Question about Missionary Training for missionaries:
"What degree or major in university would be most helpful to have on the mission field?"
1. University prepares a person more for life than for a job, though it does help to orient and guide toward a job. So a helpful background for ministry or missions would be in the humanities, probably as broad as possible.
Fields such as history, literature, psychology, anthropology (especially cultural anthropology), and perhaps even sociology prepare you to understand people, their culture, and their basic ideas and needs. If you plan to attend graduate school, I highly encourage you to pick a major in one of the above fields, take the minimum courses required in that major, and then take electives in the other fields listed above.
2. A second consideration has to do with you as a person. Exploring your interests in depth may prepare you well for the unique place of ministry for which God has made you and is preparing you.
3. A third, and often neglected, aspect of preparation has to do not so much with a major as with exposure. I urge you to make friends with people who are different than you (other races, other cultures), participate in a mission trip, and get involved in ministry on campus. Learn how to develop your own spiritual life, how to share the gospel, how to answer the tough questions, and how to help a new Christian grow.
These are skills you'll use all your life, and there is no better place to learn them than right where you are. I encourage you to move into the dorms or some other incarnational evangelism position, where you live with people whom you might not have chosen to be your friends.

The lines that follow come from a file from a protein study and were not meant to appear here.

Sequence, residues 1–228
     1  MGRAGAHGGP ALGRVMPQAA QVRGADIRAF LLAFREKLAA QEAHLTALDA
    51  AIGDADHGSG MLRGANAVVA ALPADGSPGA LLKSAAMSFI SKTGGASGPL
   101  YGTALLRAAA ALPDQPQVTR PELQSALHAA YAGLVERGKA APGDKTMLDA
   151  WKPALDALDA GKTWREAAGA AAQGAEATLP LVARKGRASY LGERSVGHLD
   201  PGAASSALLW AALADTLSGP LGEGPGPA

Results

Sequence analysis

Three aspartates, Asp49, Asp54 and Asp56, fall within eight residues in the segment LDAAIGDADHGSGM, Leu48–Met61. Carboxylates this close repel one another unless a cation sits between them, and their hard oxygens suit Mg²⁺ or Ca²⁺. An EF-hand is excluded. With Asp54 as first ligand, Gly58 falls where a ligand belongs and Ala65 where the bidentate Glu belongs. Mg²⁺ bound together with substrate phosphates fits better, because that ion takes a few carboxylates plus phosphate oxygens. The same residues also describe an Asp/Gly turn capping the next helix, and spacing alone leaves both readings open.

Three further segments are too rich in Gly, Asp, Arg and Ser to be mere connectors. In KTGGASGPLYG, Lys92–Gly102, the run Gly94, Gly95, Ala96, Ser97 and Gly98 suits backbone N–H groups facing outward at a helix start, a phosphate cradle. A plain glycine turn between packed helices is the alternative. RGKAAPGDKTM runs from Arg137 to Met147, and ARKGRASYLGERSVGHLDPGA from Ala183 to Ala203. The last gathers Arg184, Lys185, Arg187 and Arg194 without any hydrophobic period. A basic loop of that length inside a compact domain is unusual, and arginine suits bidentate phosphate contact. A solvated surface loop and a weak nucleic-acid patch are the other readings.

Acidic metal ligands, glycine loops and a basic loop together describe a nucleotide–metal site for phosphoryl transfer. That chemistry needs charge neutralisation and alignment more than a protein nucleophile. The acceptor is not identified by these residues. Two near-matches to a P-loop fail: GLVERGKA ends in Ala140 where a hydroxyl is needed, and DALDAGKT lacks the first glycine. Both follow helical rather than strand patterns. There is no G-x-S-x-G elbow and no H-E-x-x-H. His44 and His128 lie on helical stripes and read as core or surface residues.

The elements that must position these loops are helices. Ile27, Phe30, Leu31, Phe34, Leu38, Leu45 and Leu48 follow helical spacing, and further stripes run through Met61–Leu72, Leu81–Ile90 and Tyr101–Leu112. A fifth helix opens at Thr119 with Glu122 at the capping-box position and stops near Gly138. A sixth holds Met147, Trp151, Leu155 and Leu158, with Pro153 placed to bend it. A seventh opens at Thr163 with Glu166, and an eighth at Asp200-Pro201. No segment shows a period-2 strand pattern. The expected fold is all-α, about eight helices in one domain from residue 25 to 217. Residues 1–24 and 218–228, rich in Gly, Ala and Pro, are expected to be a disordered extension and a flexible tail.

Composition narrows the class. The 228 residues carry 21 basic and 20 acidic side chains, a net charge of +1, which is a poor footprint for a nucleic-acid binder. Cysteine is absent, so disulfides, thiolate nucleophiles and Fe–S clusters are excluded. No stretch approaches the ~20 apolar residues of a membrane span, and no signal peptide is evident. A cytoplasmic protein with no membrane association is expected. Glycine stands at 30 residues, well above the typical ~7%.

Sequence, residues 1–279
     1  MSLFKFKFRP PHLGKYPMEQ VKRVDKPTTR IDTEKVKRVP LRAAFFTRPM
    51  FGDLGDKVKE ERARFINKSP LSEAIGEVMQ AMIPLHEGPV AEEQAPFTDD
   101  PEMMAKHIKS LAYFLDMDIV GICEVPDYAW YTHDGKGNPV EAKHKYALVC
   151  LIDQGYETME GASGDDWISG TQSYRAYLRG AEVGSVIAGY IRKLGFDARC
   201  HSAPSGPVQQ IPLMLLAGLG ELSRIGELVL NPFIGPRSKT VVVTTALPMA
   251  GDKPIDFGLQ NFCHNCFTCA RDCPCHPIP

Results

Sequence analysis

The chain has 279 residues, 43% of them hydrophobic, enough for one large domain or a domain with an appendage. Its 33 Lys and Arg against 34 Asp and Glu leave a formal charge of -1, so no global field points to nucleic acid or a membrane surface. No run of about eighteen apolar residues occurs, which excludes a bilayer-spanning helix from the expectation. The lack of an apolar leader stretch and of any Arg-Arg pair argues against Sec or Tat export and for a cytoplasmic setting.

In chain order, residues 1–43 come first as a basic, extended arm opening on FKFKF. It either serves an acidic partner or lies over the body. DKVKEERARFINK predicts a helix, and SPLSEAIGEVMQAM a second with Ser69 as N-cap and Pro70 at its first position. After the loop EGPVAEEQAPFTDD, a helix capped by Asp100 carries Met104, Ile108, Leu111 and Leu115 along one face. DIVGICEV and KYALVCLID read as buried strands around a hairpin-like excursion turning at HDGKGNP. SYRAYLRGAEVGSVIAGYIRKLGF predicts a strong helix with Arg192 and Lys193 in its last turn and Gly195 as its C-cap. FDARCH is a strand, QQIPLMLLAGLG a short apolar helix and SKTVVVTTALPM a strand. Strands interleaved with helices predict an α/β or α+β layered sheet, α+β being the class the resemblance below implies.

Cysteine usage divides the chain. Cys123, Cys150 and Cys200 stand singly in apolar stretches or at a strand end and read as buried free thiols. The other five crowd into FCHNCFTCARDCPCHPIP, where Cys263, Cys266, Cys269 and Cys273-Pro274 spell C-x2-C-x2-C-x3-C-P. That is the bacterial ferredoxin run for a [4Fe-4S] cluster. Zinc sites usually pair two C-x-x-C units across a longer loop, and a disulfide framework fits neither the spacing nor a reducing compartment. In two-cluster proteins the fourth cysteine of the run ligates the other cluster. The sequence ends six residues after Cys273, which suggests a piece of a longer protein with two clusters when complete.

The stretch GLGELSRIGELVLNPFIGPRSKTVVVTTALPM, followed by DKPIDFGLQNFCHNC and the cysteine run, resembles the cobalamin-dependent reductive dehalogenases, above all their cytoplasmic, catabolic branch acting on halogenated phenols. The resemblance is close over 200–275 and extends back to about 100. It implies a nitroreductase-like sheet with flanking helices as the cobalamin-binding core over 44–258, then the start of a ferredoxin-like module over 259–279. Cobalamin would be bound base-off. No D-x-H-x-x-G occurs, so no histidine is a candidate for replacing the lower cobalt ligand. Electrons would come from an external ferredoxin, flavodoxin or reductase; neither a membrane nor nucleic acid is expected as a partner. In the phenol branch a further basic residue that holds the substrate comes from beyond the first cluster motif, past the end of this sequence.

A degree that open doors in nearly every creative-access country is an MA in TESOL (teaching English). The downside is that often, a career in TESOL will not encourage one to learn the local language and engage the community family structure.
A degree that allows one to translate the Bible or help with Community Health Education (CHE) may be more strategic than ESL in that it gives us access to communities and at times favor with the government.
For someone eager to become a missionary, my agency can work with almost any university degree, including history, psychology, philosophy, and business. If you're studying at a secular school, then get involved with Christian campus groups and receive valuable ministry training.
Finally, I recommend taking a language at university. If you can take one language for four years, wonderful; two languages for two years each, almost as wonderful; or one language for two years, still good. You may never use that particular language overseas, but the practice of learning another language will assist you in whatever language you later will need to learn.
If you aren't called to teach, however, any professional or technical degree is valuable, especially if God is leading you to serve in a restricted access country. You also need Bible or seminary training, though if you plan to serve in a restricted country, a degree from a Bible college or seminary on your resume could be a hindrance.
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